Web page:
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Could you pass a high school sex-ed quiz? Take this “Knowledge Check” from our Sex Ed To-Go course about correctly using a condom to find out. Then tell all your friends about Sex Ed To-Go, our free online sex education courses for educators, students, and parents. Each course for students on our portal – from STIs to gender identity to puberty – also comes in Spanish and comes with a parallel course for educators, complete with a teaching guide and supporting materials needed to teach comprehensive sex ed.

Answer the following questions, true or false. Then check your answers below. 

1.   It’s more important to use condoms during vaginal sex than anal sex.

2.   Condoms reduce the risk of getting pregnant and reduce the risk of getting an STI.

3.   The expiration date is a guideline and you can use a condom a few days after it expires.

4.   A pouch of air in the condom when still in its wrapper means that it has not been punctured and is okay to use.

5.   It’s a good idea to store condoms in your wallet or the console of a car so they are handy.

6.   You can put a condom on a penis either way as long as it still rolls down.

7.   It is important to remove the condom promptly after ejaculation in order to prevent fluid from leaking out.

8.   You should never flush used condoms down the toilet.

Answers                                                                                                                             ­­­­­­­­­­­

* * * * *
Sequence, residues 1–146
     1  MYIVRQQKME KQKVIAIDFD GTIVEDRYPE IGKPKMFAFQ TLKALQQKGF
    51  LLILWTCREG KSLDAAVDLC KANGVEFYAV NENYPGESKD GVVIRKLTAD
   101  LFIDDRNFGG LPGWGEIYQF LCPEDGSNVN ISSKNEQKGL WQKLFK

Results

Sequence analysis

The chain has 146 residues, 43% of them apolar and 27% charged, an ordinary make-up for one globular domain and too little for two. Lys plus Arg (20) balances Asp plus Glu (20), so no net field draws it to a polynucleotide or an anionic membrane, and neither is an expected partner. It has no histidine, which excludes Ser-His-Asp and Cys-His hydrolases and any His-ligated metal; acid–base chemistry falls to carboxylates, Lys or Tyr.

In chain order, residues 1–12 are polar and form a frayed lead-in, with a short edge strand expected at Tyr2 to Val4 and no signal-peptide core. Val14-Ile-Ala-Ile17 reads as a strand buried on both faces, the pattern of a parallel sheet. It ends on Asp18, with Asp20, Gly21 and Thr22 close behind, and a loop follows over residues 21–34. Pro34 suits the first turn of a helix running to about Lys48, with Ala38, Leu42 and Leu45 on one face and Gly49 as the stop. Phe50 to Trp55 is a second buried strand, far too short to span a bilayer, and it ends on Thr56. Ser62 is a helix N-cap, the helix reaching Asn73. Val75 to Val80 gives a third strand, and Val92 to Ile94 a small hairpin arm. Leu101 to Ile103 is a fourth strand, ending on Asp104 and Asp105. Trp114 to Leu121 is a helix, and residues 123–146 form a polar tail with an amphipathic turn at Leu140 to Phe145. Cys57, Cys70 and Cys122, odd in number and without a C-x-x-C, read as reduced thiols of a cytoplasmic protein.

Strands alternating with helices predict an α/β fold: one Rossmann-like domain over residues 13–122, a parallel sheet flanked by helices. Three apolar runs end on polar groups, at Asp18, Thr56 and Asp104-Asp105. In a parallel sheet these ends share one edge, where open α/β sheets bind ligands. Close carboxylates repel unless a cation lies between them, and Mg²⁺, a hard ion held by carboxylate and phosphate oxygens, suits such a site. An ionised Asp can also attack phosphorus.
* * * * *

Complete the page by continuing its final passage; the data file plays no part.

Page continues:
1. FALSE. While a condom can prevent pregnancy during vaginal sex, it is important to use a condom during all types of sex where an STI might be transmitted: vaginal, anal, AND oral.
  2. TRUE.  If you use condoms perfectly every single time you have sex, they’re 98% effective at preventing pregnancy and most STIs. But people aren’t perfect, so in real life condoms are about 85% effective — that means about 15 out of 100 people who use condoms as their only birth control method will get pregnant each year.
  3. FALSE. It is important to throw away condoms that have expired.
  4. TRUE. Always squeeze the wrapper before opening to check for an air bubble. If there is no bubble, use a different condom.
  5. PARTIALLY TRUE. It is important to have condoms available when and where a person might need them. However, exposure to sun and heat (common in a car) can cause condoms to crack or break. And wallets often get a lot of wear and tear, so condoms might get torn or broken.
  6. FALSE. Condoms must go on like a hat with a brim so they easily roll down. If you accidentally try to put a condom on inside-out, do not flip it over and try again. Dispose of that condom and use a fresh one because bacteria, virus, or sperm may have been transferred to the condom.
  7. TRUE.
  8. FACT. Flushing used condoms down the toilet can cause plumbing issues.


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